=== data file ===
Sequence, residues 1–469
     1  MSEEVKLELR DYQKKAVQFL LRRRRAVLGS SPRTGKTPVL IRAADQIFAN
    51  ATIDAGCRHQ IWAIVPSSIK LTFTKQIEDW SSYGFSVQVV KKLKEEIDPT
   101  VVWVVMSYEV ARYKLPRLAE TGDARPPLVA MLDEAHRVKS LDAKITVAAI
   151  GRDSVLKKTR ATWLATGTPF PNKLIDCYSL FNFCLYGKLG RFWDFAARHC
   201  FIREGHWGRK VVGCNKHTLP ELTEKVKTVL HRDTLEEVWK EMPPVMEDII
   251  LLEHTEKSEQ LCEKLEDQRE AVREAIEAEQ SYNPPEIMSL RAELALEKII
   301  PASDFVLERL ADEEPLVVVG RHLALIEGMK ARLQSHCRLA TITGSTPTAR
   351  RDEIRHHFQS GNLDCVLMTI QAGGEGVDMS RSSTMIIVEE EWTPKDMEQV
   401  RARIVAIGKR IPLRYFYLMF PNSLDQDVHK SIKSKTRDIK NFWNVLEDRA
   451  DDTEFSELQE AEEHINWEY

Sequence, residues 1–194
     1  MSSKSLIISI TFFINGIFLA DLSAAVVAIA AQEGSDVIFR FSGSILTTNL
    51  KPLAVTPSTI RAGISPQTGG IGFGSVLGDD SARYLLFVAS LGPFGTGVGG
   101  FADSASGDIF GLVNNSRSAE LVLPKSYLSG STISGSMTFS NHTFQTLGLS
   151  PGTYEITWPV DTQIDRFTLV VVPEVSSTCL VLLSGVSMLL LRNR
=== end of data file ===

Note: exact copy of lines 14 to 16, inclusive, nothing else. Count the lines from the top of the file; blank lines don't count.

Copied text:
    51  KPLAVTPSTI RAGISPQTGG IGFGSVLGDD SARYLLFVAS LGPFGTGVGG
   101  FADSASGDIF GLVNNSRSAE LVLPKSYLSG STISGSMTFS NHTFQTLGLS
   151  PGTYEITWPV DTQIDRFTLV VVPEVSSTCL VLLSGVSMLL LRNR